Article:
Judaism, much like any other faith, holds strong beliefs in its traditions. The spiritual world in Judaism is just as important as the material one, and followers of the faith cannot have Passover without the materials that make it that much holy.
The very essence of Judaism is deeply engraved into rituals, observances, traditions, and of course, mitzvahs.
In this article, we are going to take a look at some of the most popular Jewish traditions and mitzvahs.
Have you ever asked yourself what does it mean to eat Jewishly? Well, in Judaism, there is a tradition called kosher, which means “fit” and it preaches about the dishes and food that a Jew could and could not consume. These laws are strongly followed by the followers of the faith, and it also speaks about the way they should be prepared and served.
Some of the most popular kosher foods are Israeli Quiche, Shirazi Salad, String beans, Pasta, fruits and vegetables, specific juices and wines that must be certified kosher, and many more.
Wearing tefillin is a Jewish tradition for men and boys. Tefillin are essentially black leather boxes that are used to contain Jewish parchment scrolls and usually contain two. Men and boys wear them on a daily bases; one for the arm and the other one for the head. Each tefillin is made out of three parts, the first is the scroll itself, the box, and the strap. In Jewish culture and tradition, boys and men require wearing tefillin every weekday, as per the verse Deut 6:8. This Jewish item is a very powerful mitzvah that has changed the lives of many Jews.
3. Jewish Prayers
God speaks to all in different ways. In the Jewish faith, prayers are a way for Jewish people to speak to God. God himself has said to Jewish people to pray three times a day; to thank him, to praise him, and to beseech him for the personal requests he listens to. Jewish prayers are mostly conducted in the confines of a Synagogue, although Jews also conduct prayers in their private homes, offices, and even airports. Some of the most popular Jewish prayers include Amidah, Shema, and Torah readings.
Shabbat, Sabbath, or Shabbos, is the main centerpiece of Jewish culture, faith, and life. Shabbat in Jewish culture is the day of rest. Shabbat begins the night of Friday and all the way to the following day as the sun sets again. In the Book of Genesis, Jews are taught that God himself has created the world in six days; the seventh is the day of rest because without rest there would be no creativity.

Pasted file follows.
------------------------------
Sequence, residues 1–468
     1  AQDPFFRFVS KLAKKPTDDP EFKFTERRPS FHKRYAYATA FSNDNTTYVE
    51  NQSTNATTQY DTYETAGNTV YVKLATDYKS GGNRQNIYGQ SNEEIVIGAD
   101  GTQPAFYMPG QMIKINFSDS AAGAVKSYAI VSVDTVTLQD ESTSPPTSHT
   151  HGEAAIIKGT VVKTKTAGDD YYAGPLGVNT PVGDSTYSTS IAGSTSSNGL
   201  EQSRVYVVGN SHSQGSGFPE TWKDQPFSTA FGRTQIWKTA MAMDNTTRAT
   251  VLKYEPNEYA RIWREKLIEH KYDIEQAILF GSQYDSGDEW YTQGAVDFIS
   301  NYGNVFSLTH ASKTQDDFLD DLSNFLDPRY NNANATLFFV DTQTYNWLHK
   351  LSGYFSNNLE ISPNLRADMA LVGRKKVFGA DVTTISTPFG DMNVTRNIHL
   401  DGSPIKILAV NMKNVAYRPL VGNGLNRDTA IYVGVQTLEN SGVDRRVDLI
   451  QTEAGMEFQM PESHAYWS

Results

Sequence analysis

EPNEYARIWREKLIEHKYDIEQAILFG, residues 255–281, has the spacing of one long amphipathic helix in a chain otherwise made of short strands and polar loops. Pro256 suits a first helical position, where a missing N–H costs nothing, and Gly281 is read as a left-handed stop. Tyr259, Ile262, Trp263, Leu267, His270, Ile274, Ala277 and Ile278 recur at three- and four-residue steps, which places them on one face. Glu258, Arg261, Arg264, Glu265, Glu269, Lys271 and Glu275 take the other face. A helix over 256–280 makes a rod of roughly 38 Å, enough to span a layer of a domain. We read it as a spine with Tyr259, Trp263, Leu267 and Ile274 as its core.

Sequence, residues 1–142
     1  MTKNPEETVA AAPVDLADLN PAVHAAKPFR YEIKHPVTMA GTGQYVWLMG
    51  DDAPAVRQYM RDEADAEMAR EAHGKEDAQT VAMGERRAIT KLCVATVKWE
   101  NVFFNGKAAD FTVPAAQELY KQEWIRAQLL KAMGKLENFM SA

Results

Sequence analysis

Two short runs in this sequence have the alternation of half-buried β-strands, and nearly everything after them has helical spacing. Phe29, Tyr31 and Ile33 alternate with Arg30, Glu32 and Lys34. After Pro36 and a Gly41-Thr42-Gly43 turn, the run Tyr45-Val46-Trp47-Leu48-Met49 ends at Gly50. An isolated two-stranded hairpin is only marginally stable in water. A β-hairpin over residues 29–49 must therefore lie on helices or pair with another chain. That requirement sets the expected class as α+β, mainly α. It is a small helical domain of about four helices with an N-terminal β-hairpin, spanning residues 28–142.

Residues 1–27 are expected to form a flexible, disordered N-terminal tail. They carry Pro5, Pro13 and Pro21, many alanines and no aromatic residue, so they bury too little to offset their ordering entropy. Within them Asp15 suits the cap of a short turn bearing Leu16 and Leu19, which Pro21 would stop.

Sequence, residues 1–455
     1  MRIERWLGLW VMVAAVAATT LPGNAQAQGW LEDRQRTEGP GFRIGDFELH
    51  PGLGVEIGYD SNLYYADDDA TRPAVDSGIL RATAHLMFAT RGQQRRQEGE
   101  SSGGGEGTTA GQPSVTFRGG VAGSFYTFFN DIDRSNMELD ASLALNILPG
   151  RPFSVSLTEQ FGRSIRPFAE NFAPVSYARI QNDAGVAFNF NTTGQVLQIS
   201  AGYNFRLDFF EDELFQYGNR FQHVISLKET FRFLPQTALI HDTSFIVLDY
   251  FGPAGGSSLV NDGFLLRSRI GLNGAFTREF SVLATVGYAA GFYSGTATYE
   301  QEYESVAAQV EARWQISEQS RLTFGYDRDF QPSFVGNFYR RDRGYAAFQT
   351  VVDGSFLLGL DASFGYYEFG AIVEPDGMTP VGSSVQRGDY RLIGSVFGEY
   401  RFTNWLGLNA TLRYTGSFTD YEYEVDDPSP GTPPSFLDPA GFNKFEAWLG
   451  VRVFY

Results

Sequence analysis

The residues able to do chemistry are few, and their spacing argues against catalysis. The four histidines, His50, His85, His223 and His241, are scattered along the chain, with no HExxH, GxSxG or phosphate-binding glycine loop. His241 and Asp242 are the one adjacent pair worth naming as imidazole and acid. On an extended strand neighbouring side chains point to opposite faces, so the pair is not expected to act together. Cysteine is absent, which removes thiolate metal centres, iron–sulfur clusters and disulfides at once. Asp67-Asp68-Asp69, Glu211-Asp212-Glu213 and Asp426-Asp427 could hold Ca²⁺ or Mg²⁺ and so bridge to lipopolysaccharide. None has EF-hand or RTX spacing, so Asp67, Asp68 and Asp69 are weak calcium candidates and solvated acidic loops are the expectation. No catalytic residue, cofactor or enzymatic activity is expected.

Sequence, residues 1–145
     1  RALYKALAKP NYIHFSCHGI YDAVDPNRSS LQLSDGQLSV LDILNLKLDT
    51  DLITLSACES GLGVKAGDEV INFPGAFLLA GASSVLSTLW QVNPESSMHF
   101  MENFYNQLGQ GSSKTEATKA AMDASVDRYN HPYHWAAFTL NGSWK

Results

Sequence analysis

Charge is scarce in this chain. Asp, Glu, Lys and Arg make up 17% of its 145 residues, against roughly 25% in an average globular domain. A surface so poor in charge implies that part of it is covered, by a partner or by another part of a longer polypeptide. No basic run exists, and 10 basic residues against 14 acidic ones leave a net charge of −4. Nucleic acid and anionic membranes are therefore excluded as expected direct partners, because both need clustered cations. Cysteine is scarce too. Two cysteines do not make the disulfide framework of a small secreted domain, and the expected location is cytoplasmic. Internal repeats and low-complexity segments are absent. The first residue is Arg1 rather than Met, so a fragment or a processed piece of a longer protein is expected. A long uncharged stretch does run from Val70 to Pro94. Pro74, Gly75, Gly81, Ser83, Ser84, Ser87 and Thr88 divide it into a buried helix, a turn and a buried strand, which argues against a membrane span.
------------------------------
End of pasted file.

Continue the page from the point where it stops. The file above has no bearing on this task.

Some of the most popular traditions for Shabbat include lighting up Shabbat candles, wining and dining, conducting prayers, and saying farewell to Shabbat. Things that Jews are forbidden from doing during Shabbat include driving, using electronic devices (such as phones), cooking, and carrying in the public domain.
5. Mezuzah Scrolls
Mezuzah scrolls are very important to Jewish culture, traditions, faith, and life. The importance of these parchment scrolls cannot be overstated in the Book of Genesis, as God requires each Jewish home to have them. On these scrolls, the Shema is handwritten by certified members of the faith, called scribes.
A Mezuzah scroll should be placed on the right side of each doorpost. A Mezuzah scroll reminds Jews of their heritage and their unique connection to God himself. A Mezuzah protects the Jewish home and its inhabitants, regardless if they are in the home or not.
If you’re interested in obtaining Mezuzah scrolls, here you can read more about it.
Blessings are also very important in Jewish culture, and they are recited every time before Jews eat or drink. These blessings are a way for Jews to thank God for creating them and keeping them safe. Different Jewish foods require different blessings. Each blessing also has an after blessing (Berachah acharonah) and they are recited every time a Jew finished with eating a specific food. The Torah further cements the blessings and after blessings, and some of the most popular ones are:
- Hamotzi – the blessing of the bread
- Mezonot – the blessing of the grain
- Borei Pri Hagafen – the blessing of the grape juice and wine
- Borei Pri Ha’etz – the blessing of fruit
- Borei Pri Ha’adamah – The blessing of vegetables
- Shenakol – the blessing of all other Jewish food.
Mikvah is a Jewish ritual after the period of Niddah. Niddah begins when a woman’s menstruation ends, and it usually lasts for twelve days. At that time, the man and woman are forbidden in conjugal relations. Niddah ends when a woman enters Mikvah, a ritual pool of water, and it is a very popular ritual in Jewish culture. A Mikvah can be any body of water that has been previously blessed.
Shull, or Synagogue, is the place of Jewish worship, much like Churches for Christians and Mosques for Muslims. The Synagogue is the center place of the Jewish faith, culture, and life and they can mostly be described as the places of gathering. Everywhere where Jews live, a synagogue can be found. Jews are very religious people, and a Synagogue is a place where they can follow their faith, apart from their homes.
9. Kiddush Levana
During the lunar cycle, once a month, followers of the Jewish faith perform the Kiddush Levana. Kiddush Levana is the Sanctification of the Moon, and it is done at night and outdoors. The ritual is accompanied by blessings such as Psalms and others and accompanied by cheerful dancing. Jews find the moon mystical in their own rights, and the renewal of the moon reminds them about how magnificent God and all of his creations are. Apart from the sun, the moon is the most bring star in the sky, and Jews are required to speak to the moon at least once a month.
There are many different Mitzvahs in the Jewish faith, each put into different categories. Out of the most popular ones you have, daily Mitzvahs, Kindness Mitzvahs, Household Mitzvahs, Shabbat Mitzvahs, Holiday Mitzvahs, Lifecycle Mitzvahs, and many more.